Buddism 101: A Meeting With A Surprisingly Hip Monk
I was shopping for new meditation spots and recently saw a flyer advertising a new Buddhist temple with daily sessions. The place piqued my interest, so the other day I paid a visit to the temple, which turned out to be inside a brownstone on the Upper West Side.
Yes, even the Buddhists recognize good real estate.
The temple was mostly empty when I arrived, except for a man working there who told me the monk was running late.
“No worries,” I said. “Even monks get stuck in traffic.” I chuckled awkwardly then made my way over to the big gold Buddha, and took a squat.
The monk—surprisingly white—arrived 15 minutes later harried and stressed. He had a shaved head, looked to be about my age, and wasn’t bad on the eyes. I took a moment to wrack my brain: Had we dated before?
The monk introduced himself as Myong Haeng Sunim or Dave and told me I was there on the wrong night—the beginners, he explained, met on Tuesdays. I assured him I am no novice.
“Well then,” he said, “you should have no problem sitting in silence on your own.”
“Um, well, no,” I back-stepped, “I’m not sure about that.”
Dave changed into his robe kneels, bowing to Buddha and reciting Korean prayers in a very deep, monotone voice.
This isn’t so different than synagogue, I thought to myself, minus a few golden statues.
Dave tried explaining the prayers, but was in a rush to get elsewhere. He handed me his card and invited me to get in touch. So I e-mailed him, which seemed a strange way to correspond with a monk, and we made plans to meet the following week and talk more.
Here’s what he told me when we met, sitting Indian-style, cushion to cushion:
How He Became a Monk
Dave went to Cornell and found himself surrounded by people chasing desires, money, and goals without any sense of happiness. His peers seemed distracted with TV, drugs, and conversation. Then Dave’s father got cancer. Suddenly, primetime sitcoms and frat parties didn’t seem so important. Dave found himself wondering, What’s the whole point?
He started hanging out with local Buddhist groups, went on a few retreats, and before long was in Korea teaching English. He didn’t necessarily want to be a monk, but Dave needed money to stay in the country. So, he kept learning and teaching at the temples until he finally graduated and realized his purpose.
Why Most People are Unhappy
Suffering comes from attachment to the idea that your thoughts are true; like when I tell myself that the only reason the guy on the train offered me his seat is because he thinks I’m pregnant. Everyone in this world is attached to his or her thinking, and puts everything into categories of right and wrong; seeing all the world through this filter. If you are attached to anything, you will suffer because inevitably it will change. We need to wake up moment to moment, perceive this world clearly, and do our best to help others.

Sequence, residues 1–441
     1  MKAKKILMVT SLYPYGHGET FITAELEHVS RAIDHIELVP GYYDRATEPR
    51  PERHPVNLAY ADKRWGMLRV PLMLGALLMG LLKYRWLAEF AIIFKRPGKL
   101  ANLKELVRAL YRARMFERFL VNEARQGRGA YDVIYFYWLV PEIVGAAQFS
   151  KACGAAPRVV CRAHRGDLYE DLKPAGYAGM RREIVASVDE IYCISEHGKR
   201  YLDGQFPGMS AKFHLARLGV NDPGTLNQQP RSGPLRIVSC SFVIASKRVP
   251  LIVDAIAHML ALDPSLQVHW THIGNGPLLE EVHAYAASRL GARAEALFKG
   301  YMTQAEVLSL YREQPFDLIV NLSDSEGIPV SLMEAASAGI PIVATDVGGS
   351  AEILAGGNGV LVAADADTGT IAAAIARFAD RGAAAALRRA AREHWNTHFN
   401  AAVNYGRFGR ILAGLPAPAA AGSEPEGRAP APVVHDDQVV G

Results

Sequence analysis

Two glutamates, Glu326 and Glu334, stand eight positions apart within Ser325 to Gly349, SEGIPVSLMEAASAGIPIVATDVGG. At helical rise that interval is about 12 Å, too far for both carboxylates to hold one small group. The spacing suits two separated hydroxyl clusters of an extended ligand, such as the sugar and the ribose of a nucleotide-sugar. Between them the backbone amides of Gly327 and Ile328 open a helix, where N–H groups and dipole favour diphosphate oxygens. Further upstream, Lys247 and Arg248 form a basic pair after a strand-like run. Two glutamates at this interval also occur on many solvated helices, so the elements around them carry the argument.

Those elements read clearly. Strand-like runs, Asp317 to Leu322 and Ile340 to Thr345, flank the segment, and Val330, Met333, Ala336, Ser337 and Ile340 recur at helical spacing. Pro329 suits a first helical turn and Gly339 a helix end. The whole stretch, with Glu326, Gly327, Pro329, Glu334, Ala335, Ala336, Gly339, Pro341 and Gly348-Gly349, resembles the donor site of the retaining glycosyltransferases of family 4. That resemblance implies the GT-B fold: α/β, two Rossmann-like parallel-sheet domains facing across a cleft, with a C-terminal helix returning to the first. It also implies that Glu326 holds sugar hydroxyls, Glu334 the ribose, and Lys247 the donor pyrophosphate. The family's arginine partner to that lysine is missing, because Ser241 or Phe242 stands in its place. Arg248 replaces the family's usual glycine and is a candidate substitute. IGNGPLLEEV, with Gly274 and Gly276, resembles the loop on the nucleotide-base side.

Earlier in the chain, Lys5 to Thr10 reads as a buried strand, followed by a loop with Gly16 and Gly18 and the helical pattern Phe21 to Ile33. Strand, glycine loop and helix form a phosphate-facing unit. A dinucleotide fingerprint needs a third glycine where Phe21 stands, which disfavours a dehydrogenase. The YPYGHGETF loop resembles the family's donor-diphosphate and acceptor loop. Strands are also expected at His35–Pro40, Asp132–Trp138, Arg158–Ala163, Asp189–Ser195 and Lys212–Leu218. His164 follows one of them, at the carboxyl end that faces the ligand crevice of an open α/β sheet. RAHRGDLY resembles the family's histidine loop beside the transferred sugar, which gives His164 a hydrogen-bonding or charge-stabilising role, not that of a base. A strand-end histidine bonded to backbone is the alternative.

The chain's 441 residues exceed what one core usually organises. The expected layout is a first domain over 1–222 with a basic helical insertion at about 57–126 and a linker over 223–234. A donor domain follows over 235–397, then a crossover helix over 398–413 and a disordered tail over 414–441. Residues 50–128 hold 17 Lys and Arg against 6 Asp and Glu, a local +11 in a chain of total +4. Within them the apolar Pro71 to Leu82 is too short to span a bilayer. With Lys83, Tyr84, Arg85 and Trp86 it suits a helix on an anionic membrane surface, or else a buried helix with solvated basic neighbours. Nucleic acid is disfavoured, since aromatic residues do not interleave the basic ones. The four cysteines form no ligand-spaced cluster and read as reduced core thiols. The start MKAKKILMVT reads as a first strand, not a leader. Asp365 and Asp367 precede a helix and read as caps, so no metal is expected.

Thoughts and Judgement
Buddhism allows you to see things as they are. People confuse their thinking with the truth. Your thoughts are just coming and going. If you see them as true, you suffer. Our thoughts categorize people into right and wrong buckets. The moment we separate and categorize, we see ourselves as better. Another moment, we see ourselves as inferior.
Do We Stop Thinking?
Thinking is not bad in itself, but if you attach to your thinking and ideas and believe that they are true, then you will cause suffering for yourself and others. Most thinking is based on opposite concepts, which are formed by our biased perceptions of the world. It’s important to think when necessary, but to turn off the faucet when you are done. If your mind is clear, you can respond to any situation naturally.
Chanting and Meditation
Bowing, chanting, and sitting all help our body, breath and mind become one. If your body is doing one thing and your mind something else, then you can’t be clear; and you’ll inevitably suffer. When you do something, just do it. Bowing and chanting are the fastest ways Dave found to bring his body and mind together.
We’re all either planning for the future or regretting the past, which makes it hard for us to connect to any situation now. Dave uses mediation to turn inward. Our mind is like a mirror, he says: When it’s, clear it reflects in front of you and allows you to connect with people.
I’m not sure the temple on the Upper West Side is my scene, but I liked Dave. He was peaceful, kind, and I loved the way he processed the world. I would even set him up with one of my single girlfriends if I could. Even American monks have to remain celibate. Of course, I had to ask!
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